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For vegetable gardeners, selecting certain varieties is a great tip in how to make a sustainable garden. Some foods are known to be water hogs, thirsty all the time and in need of quite a lot of moisture. Still others require applications of fertilizer for high yields. Instead of growing these types of plants, select those that thrive in good garden soil with little intervention. Grow cool season vegetables only in spring where plenty of rain is available. Choose plants that will thrive in your zone, soil, and require less special maintenance. Some of the best vegetables to grow for sustainability are:

  • Root vegetables
  • Dried beans
  • Onions
  • Some fruit trees
  • Berries
  • Cabbage
  • Carrots

6. Make Sure You Mulch

Hands in garden gloves holding mulch

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Like composting, mulching can be a great way to clear up yard waste. Natural and sustainable mulch can keep soils cool in summer and warm in winter. It can reduce weeds, minimize erosion, and conserve moisture in the soil. Leaf litter is a powerful tool in boosting tilth and adding nutrients gently. Grass clippings that have dried are great protection in fall around cold sensitive root systems. Even sawdust (from untreated wood sources) is a fine application around plants. Well rotted compost is an effective natural mulch that provides a host of benefits.

7. Opt for Electric Equipment

A woman mows the grass with an electric lawn mower

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I don’t know about you, but the actual smell of a gas powered tool seems toxic to me. Gas emits fumes that include carbon dioxide and other toxins. Electricity is a clean power source, renewable, and one that operates just as well as gas. While it may cost a bit more to acquire electric gardening equipment, over time the operating costs adjust to make them more cost efficient than gas powered items. And you reduce the chance of spills from refilling gas equipment. As an added bonus, electrical machines are much quieter and less smelly.

8. Remove Waste Responsibly

A man dumps grass clippings from a lawn mower trap

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Yard waste is an issue, especially in municipalities without collection bins. In my tiny town, we have what is called a burn pit. It is burnt twice per year and all residents are allowed to bring their clean, green material to the pit. This always bothers me a bit because the pit burns for days, emitting tons of smoke and odor. Instead, composting or turning sustainable yard waste into mulch can return the nutrients back to your land. Lawnmowers are excellent ways to turn small twigs, leaves, and other light items into an organic mulch. Compost piles are equally good over time, at reducing yard waste to useful material for planting, top dressing, and for other uses.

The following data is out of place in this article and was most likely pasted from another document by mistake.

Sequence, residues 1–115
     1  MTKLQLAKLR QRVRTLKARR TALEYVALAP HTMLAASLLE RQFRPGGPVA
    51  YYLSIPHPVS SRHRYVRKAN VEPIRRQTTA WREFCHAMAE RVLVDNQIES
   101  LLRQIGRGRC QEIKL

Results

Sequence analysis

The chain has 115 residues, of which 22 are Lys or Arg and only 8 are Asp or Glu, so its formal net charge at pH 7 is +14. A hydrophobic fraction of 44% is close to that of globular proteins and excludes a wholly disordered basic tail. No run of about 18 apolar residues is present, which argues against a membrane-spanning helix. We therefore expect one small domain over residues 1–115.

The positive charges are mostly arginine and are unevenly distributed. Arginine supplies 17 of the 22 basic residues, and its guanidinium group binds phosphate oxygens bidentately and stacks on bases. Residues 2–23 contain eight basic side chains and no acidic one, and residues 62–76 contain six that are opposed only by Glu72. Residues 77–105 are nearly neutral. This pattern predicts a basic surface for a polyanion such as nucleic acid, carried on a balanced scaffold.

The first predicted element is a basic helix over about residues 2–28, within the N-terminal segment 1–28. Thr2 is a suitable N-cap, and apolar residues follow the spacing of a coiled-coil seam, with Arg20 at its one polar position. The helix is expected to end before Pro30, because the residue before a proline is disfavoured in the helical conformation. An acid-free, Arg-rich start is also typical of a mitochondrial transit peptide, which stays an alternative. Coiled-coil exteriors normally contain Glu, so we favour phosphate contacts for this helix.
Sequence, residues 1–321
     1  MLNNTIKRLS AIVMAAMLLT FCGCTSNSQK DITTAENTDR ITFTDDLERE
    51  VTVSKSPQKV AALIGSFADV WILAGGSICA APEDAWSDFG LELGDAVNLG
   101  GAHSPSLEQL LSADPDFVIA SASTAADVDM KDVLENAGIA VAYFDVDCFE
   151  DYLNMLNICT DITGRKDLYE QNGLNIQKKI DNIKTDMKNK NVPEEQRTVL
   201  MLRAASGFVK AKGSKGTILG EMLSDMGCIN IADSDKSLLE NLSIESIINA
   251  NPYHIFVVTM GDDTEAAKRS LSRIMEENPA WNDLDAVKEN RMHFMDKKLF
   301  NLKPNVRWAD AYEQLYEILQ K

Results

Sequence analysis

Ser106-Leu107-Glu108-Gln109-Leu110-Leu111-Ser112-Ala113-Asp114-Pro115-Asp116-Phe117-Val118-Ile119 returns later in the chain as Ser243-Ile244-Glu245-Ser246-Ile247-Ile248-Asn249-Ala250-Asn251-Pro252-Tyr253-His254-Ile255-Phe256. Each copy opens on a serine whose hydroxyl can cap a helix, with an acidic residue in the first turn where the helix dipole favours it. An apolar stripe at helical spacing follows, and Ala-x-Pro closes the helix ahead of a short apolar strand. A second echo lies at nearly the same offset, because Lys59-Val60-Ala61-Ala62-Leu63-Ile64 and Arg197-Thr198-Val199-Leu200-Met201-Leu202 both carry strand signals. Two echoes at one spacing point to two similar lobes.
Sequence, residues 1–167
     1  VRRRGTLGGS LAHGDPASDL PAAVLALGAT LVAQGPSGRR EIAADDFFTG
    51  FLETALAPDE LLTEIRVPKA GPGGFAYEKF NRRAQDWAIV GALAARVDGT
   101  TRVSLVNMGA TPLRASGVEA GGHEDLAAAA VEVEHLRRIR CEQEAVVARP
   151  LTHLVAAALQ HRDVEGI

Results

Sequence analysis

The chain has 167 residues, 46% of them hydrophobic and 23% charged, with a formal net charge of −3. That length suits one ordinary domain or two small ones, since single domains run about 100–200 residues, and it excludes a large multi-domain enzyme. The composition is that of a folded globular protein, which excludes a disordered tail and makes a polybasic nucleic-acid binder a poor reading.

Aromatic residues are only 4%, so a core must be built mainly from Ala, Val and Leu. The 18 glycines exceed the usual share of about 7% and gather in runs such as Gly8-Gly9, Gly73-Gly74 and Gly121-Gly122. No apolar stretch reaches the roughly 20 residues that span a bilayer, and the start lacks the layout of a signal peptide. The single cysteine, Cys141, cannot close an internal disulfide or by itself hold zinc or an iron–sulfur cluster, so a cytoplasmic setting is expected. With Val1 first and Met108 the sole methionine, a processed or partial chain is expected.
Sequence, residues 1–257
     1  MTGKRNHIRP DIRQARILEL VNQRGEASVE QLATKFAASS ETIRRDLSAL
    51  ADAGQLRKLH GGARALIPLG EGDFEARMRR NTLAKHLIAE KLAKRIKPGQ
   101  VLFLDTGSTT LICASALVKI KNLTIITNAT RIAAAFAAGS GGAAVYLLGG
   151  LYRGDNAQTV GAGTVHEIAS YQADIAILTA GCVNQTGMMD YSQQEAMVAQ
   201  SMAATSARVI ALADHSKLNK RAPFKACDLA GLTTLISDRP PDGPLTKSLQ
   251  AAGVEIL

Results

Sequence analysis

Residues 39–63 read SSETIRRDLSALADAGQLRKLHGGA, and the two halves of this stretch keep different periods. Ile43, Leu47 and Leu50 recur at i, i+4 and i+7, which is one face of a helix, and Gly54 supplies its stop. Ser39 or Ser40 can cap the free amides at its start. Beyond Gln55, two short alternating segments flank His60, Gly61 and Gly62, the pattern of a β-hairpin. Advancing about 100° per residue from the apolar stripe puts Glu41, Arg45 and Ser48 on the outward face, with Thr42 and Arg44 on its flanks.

9. Avoid Common Mistakes

A frowning woman pulls weeds while on her stomach

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There are three common garden mistakes that harm the environment. They are:

  • Chief among good gardening practices is selecting the right plant for the right space. Trying to fit a plant into a landscape that has drastically different needs than those currently there requires much more maintenance and the use of more resources.
  • Avoid overhead watering which can cause fungal issues and wastes much of the water in run-off and evaporation. Direct water to plant roots where it is not wasted. Use timers where possible to avoid overuse of water and avoid watering in the heat of the day.
  • As much as possible, use non-toxic methods to keep plants healthy. Hand-pull weeds and pick larger pests. Use your compost to fertilize plants. Harvest your gray water and use it to water plants. There are many ways to avoid using toxic garden products and save water with a little elbow grease.
Bonnie L. Grant

Bonnie Grant is a professional landscaper with a Certification in Urban Gardening. She has been gardening and writing for 15 years. A former professional chef, she has a passion for edible landscaping.